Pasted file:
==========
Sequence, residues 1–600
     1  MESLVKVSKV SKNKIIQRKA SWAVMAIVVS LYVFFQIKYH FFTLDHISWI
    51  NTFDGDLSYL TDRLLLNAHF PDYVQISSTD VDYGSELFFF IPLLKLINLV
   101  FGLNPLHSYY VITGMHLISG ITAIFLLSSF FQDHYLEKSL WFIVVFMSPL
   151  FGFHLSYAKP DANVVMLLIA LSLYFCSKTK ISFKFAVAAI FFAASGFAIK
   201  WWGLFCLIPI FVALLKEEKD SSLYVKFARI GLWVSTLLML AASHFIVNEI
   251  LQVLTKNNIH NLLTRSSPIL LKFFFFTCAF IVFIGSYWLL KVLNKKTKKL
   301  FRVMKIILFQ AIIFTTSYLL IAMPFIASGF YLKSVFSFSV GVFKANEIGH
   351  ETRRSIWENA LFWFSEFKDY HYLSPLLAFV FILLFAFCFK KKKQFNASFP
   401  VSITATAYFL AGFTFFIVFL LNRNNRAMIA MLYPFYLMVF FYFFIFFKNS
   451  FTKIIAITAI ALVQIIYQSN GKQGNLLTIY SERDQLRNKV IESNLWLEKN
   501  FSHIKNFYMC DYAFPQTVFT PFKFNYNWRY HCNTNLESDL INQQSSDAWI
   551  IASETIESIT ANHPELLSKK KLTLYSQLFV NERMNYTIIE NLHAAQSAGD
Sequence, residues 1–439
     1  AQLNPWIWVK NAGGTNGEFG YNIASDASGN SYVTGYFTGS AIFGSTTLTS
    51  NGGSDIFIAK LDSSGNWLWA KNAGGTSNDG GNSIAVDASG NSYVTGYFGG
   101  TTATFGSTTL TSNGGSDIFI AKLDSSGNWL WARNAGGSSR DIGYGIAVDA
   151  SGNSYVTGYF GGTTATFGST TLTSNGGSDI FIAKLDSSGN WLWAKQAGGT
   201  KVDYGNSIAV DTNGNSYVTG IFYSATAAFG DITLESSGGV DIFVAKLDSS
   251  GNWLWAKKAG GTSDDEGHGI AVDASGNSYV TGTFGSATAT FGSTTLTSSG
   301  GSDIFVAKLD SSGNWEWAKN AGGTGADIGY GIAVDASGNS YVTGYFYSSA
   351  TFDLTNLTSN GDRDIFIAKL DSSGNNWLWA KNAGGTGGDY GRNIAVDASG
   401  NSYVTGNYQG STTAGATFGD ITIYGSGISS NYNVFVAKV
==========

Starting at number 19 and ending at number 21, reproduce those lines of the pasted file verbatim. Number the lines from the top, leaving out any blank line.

   201  KVDYGNSIAV DTNGNSYVTG IFYSATAAFG DITLESSGGV DIFVAKLDSS
   251  GNWLWAKKAG GTSDDEGHGI AVDASGNSYV TGTFGSATAT FGSTTLTSSG
   301  GSDIFVAKLD SSGNWEWAKN AGGTGADIGY GIAVDASGNS YVTGYFYSSA